AI: THE SOMNIUM FILES – nirvanA Initiative Review

Honestly, the news that 2019’s AI: The Somnium Files was getting a sequel completely caught me off-guard. The ending was clear-cut and wrapped up with a nice little bow, leaving the player wanting naught. On top of that, besides being praised by the usual Kotaro Uchikoshi fans who love his unique writing and characters, it received little traction outside of that niche group, having become a definitive cult classic among the few who did end up playing it. Despite all of that, AI: The Somnium Files – nirvanA Initiative does exist, and it came out blazing with its heart on its sleeve and fans wouldn’t be happier with how engaging it is from beginning to end.

NirvanA Initiative, directed by Akira Okada and written by the aforementioned Kotaro Uchikoshi, takes place between two different points in time; six months after the end of the first game and six whole years after that. You play as two new rookie members of ABIS for the time, Ryuki six months after the first game and Mizuki six years later, and going back and forth between the both of them the player gets to piece together the mystery of the Half Body Serial Killingsthat spans those six years. Like the first game, both main characters have an AI companion in their eye that gives them information, X-Ray vision, general thoughts about any given situation, and of course snarky remarks and rebuttals.

Characters in nirvanA Initiative are just as human as in the first game, which is really what its strongest point is. Despite the murder mystery-mixed comedy investigation game you’re playing, it’s the characters’ complete and unabashed sense of realness that really hits home. Even if you’re not moving the plot forward, you’ll always be wanting to know more about them, or wanting for more absurd and heartfelt interactions between them. Along with that, for fans of the last game, you’ll see some characters exactly as they were on Ryuki’s side, but you’ll also see those familiar faces matured and looking different on Mizuki’s side which is a treat. In both cases, it’ll be a joy for fans to interact and see old characters, just as much as it is to get to know and discover things about the new ones.

All that being said, nirvanA Initiative absolutely does not require you to have played it. It makes sure that it’s accessible to both new and returning plates, with an entire segment that’s catered to letting you know that even if you didn’t play the original AI: The Somnium Files, you can play nirvanA Initiative without feeling left out or spoiled on the mystery of that one. As previously stated old characters do show up, but nirvanA Initiative is its own beast and ultimately is unconnected to the first game.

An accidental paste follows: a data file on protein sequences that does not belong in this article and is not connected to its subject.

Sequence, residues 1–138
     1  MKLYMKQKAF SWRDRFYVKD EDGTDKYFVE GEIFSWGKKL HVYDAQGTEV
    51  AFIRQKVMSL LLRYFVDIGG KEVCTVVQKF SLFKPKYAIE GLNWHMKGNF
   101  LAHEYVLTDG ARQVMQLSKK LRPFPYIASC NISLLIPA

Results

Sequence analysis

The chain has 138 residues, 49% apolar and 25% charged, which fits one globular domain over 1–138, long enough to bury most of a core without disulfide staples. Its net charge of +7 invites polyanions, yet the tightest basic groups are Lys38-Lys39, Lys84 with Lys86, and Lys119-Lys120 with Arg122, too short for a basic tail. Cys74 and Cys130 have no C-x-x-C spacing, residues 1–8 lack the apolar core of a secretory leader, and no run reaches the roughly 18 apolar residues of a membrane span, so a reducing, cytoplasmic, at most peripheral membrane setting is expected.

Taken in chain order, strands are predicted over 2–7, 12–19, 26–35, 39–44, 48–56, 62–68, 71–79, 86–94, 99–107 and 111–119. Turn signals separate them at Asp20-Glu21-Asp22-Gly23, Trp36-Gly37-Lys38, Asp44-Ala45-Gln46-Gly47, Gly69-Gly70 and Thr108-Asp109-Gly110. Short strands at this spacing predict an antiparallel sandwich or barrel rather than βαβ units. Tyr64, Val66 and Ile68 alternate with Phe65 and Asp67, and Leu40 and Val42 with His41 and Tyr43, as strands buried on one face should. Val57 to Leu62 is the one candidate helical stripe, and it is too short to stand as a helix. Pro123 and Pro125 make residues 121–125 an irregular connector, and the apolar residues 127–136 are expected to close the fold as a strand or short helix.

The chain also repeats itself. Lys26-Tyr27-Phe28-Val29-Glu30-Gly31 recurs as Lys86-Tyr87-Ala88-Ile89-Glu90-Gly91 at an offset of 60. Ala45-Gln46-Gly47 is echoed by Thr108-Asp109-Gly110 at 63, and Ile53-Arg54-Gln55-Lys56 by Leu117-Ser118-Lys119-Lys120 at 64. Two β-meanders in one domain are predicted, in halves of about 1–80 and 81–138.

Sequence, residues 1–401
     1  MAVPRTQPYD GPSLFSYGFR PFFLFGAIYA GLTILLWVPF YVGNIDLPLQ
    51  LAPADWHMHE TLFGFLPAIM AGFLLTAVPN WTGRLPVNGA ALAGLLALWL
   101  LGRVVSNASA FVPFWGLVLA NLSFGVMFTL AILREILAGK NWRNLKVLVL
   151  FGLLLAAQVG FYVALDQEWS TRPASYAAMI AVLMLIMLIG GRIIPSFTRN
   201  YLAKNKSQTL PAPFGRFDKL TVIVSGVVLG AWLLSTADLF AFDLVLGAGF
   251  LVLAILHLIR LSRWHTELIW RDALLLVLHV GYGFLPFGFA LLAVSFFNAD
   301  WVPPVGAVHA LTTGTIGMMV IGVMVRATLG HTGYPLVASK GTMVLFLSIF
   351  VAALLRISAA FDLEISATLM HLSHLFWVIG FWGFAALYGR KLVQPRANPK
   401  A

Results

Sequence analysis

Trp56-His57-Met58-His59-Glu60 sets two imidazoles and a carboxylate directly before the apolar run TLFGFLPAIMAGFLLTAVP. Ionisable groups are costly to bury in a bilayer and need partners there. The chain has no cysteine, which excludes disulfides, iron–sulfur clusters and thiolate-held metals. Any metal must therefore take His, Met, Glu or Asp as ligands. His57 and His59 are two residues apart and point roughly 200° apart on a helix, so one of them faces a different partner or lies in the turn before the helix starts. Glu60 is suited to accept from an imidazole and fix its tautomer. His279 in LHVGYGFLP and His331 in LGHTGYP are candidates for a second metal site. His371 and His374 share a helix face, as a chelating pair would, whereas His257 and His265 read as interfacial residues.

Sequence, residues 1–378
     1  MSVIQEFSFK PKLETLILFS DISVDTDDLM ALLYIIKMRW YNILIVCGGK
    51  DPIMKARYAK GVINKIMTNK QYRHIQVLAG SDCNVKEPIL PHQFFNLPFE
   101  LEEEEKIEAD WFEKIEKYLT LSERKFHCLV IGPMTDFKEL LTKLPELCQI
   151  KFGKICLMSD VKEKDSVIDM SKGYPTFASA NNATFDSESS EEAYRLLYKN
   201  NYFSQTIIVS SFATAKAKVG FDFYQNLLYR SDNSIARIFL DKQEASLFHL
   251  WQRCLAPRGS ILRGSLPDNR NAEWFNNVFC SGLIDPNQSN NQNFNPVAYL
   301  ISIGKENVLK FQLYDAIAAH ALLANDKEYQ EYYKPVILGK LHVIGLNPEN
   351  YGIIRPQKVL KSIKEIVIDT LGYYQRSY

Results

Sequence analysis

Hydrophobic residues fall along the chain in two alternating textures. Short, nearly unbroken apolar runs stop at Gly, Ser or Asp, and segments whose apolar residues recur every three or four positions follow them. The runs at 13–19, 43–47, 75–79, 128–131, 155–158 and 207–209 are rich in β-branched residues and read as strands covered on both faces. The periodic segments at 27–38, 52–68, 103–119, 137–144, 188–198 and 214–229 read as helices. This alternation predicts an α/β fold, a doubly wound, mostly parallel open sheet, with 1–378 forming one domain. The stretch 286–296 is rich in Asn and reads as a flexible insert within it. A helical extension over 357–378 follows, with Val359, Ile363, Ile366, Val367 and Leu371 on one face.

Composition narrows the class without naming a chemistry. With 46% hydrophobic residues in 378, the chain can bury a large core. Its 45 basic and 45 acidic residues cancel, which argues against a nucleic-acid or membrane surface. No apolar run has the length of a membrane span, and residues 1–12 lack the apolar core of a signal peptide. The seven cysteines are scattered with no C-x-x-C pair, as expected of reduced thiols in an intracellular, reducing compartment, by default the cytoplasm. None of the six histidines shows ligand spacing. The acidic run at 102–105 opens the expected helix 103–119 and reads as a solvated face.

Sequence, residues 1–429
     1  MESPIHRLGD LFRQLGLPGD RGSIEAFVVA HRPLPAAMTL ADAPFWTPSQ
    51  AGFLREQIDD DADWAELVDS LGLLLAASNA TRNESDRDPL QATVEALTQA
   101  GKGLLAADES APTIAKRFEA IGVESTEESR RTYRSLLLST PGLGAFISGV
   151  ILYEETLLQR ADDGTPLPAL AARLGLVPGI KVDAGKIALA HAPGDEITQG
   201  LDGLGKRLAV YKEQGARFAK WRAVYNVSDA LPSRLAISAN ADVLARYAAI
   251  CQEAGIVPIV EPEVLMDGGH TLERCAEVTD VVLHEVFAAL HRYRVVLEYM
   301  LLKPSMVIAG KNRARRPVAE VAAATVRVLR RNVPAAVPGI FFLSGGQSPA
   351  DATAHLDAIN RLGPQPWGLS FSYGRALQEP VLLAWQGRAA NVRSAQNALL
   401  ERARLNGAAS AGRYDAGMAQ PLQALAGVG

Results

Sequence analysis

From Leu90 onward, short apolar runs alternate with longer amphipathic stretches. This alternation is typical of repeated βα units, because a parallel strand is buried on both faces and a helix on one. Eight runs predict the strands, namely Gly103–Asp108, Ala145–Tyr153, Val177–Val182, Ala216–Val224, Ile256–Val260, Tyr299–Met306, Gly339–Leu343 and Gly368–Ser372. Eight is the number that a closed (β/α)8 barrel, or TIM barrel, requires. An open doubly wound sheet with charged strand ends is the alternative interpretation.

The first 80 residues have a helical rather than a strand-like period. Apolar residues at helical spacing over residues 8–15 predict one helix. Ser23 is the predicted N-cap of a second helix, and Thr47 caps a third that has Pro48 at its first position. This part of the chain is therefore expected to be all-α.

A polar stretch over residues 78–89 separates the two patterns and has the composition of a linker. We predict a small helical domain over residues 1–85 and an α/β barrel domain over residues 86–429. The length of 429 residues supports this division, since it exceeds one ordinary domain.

The budget of this title has clearly been improved, as the characters and backgrounds are much more expressive. Somnium sections in particular are a joy to behold, it really feels as if you got to experience how Uchikoshi wanted things to look and how he wanted characters to animate. While some stiff-ness is played up for jokes or to make a point in Somniums, for the most part, everything just feels much more fluid and was a sight to behold.

The core gameplay in nirvanA Initiative is similar to the first game, except it’s refined. What was essentially split between two sections is now much more. In nirvanA Initiative, you still have your Ace Attorney-styled point-and-click investigation scenes, however, you get to actually do crime scene segments in the third person in a created space by your AI partner, something the previous game saved only for Somniums before. Due to that, there is definitely a bigger emphasis on puzzle-solving along with the more traditional puzzles that fans of Uchikoshi’s Zero Escape games will enjoy. These sections were some of the more memorable moments because the player actually gets to move around and interact with the world rather than looking at a panorama. Of course, Psyncing, where you enter the dream of another person called Somniums, is still the core part of the game. Somniums play out similarly to escape room games, however instead of trying to find the right piece of a puzzle you’re trying to understand and get into the mindset of the dreamer to get information within a time limit of six minutes. These portions have largely been improved. Where before it could almost feel random which choices led to progression in the previous game, this time around the game gives clues as to what a character is looking for or thinking, which leads to branching paths in the story that unlock new tidbits for you to learn.